I have been in this business too long not to know a good thing when I see it. And when I see an empty, clear, 2-L soda bottle, I grab it. At home, we’re not soft drink-people; I have been known to raid my neighbours’ recycle bins and to hover outside class parties in our Lower School.
These simple-looking containers, made of polyethylene terephthalate, are the stuff of carbonated beverages —and chemistry education.
Fig. 1. Polyethylene terephthalate, a polyester (condensation polymer)
And the price is right.
These ubiquitous bottles merit a Wikipedia entry,1 for heaven’s sake. They can be used for everything from water purification2 to a pair of makeshift sandals — I’ve seen people wearing them in Tanzania.3
These bottles changed the soft drink industry. They hold a lot but have a relatively small footprint — perfect for expensive shelf space in grocery stores.
For a chemistry teacher, a 2-L bottle can be used to:
- cut the bottom off to get a well-plate in which to carry out micro-titrations or small-scale aqueous reactions
- use a club soda bottle to store just about any aqueous solution. Remove the original label, give the bottle a quick rinse, and indicate the new contents.
- contain gases other than air. Compare the mass of a sealed bottle that contains air to a bottle filled with, say, natural gas or propane or carbon dioxide (from sublimated dry ice) and you’ve got a relative molar mass calculation ready to happen. If students know the total volume of the bottle and the average molar mass of air, they can determine molar mass of whatever gas is in the bottle.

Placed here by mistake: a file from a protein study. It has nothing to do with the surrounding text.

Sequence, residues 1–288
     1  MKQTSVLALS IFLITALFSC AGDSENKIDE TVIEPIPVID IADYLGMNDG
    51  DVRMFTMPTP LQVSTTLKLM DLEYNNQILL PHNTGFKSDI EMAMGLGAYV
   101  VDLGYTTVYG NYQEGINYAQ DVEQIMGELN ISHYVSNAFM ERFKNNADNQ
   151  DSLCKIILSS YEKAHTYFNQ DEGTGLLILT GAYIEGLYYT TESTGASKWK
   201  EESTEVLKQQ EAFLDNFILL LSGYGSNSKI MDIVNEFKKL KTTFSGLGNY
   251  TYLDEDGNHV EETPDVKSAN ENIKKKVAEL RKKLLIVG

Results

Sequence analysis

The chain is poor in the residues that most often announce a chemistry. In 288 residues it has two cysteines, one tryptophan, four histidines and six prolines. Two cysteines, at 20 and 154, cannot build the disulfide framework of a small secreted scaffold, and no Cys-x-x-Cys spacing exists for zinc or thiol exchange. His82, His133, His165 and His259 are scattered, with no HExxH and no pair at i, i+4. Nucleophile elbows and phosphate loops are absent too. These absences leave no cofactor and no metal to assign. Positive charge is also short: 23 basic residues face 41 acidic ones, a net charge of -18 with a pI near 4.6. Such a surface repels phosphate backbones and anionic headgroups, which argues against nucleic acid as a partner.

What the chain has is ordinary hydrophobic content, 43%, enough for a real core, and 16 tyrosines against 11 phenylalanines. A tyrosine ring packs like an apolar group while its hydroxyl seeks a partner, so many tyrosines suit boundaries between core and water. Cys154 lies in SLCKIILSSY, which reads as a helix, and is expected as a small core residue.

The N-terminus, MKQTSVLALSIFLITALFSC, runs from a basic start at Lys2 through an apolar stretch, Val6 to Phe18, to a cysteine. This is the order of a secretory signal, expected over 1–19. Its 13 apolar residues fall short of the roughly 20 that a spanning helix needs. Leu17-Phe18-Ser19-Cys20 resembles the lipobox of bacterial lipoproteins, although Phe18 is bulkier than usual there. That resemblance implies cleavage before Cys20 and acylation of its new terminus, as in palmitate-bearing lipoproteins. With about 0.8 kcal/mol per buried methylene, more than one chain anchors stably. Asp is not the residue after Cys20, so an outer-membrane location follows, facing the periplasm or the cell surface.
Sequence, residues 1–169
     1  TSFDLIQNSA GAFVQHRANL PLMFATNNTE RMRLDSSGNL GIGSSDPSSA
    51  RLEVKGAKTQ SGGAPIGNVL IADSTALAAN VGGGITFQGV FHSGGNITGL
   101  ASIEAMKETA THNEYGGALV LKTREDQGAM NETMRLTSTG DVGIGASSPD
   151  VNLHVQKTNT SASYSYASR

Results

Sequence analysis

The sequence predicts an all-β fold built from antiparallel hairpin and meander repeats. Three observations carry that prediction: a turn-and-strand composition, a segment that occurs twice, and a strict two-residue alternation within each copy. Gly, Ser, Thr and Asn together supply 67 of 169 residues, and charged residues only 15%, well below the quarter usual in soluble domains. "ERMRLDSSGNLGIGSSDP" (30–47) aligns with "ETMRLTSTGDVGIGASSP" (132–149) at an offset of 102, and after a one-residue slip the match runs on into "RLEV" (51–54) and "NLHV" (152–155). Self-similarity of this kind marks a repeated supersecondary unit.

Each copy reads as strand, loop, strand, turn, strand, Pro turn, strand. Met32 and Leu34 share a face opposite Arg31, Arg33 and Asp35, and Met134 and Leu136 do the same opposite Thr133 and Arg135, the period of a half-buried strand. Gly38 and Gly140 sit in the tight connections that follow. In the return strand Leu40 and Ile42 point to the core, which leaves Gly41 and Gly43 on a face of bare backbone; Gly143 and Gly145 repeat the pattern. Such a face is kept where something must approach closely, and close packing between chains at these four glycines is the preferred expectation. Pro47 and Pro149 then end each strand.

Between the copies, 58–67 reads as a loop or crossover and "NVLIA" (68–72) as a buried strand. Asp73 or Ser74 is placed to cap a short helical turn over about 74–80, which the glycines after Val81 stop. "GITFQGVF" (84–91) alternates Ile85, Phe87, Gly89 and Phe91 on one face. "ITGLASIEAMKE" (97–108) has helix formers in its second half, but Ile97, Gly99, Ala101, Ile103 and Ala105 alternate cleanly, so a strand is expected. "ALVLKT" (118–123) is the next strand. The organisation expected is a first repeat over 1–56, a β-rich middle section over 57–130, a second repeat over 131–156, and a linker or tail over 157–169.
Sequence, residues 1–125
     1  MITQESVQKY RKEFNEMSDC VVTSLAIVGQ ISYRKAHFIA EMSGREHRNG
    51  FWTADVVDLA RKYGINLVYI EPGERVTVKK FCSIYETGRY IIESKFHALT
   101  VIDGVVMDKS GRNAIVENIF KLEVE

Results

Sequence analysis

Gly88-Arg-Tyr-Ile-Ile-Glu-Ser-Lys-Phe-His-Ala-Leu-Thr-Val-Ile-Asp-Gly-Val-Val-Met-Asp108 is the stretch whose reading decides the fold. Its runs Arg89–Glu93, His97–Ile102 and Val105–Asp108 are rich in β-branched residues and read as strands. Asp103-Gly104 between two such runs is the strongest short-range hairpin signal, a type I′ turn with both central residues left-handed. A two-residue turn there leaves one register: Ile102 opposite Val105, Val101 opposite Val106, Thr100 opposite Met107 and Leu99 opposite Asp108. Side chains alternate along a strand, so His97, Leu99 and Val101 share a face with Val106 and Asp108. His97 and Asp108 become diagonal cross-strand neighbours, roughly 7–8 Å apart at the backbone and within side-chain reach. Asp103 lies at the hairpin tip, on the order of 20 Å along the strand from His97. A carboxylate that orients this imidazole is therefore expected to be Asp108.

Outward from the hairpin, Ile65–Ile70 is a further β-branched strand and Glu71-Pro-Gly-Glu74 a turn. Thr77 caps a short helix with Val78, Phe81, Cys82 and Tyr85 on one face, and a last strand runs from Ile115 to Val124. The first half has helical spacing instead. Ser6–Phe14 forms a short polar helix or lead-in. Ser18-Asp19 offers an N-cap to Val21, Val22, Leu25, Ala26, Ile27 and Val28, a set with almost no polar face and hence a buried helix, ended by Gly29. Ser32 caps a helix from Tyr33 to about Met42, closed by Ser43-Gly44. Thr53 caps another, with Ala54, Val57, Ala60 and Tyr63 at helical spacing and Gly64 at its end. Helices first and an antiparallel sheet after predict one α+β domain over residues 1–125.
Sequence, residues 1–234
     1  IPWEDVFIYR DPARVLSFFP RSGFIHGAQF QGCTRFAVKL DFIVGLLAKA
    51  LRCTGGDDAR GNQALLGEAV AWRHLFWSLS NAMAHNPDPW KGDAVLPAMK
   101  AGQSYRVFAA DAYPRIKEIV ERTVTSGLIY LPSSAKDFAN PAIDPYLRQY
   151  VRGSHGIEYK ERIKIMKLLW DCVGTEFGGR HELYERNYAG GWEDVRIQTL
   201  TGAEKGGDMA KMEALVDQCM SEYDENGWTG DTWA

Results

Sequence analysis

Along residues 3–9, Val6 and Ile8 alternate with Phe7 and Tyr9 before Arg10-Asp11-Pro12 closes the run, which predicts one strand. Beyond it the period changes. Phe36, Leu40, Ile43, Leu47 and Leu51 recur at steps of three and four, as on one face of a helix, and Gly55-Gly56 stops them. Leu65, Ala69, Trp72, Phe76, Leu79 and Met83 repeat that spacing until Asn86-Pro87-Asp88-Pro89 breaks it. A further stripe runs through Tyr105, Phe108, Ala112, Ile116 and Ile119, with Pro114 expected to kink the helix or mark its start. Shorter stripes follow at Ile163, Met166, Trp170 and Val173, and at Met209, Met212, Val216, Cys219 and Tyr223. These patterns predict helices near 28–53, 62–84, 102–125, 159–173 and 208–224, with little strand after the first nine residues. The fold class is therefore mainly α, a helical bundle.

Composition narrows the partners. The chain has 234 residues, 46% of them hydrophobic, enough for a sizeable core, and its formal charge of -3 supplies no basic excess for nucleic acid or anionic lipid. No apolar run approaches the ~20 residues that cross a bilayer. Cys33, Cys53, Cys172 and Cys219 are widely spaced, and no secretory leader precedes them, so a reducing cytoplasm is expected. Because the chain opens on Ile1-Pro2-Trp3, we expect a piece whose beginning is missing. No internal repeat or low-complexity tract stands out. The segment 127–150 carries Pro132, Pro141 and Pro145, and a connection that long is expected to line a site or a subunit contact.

- put dry ice in the bottle, seal it and leave it in a fume-hood behind a safety shield with the plexiglass window lowered. As the CO2 sublimates, the bottle will expand — and eventually explode. If you get the quantity right, you’ll be able to see liquid CO2 — fabulous when studying phase diagrams.
- show how NaOH reacts with CO2(g). Pour about
30 mL of 6 mol/L into a carbon dioxide-filled bottle and seal it. Shake the bottle — and watch its volume dramatically decrease, courtesy of CO2(g) + 2NaOH → Na2CO3 + HOH(l).
Gentle readers, I invite you to submit other uses for empty 2-L soda bottles.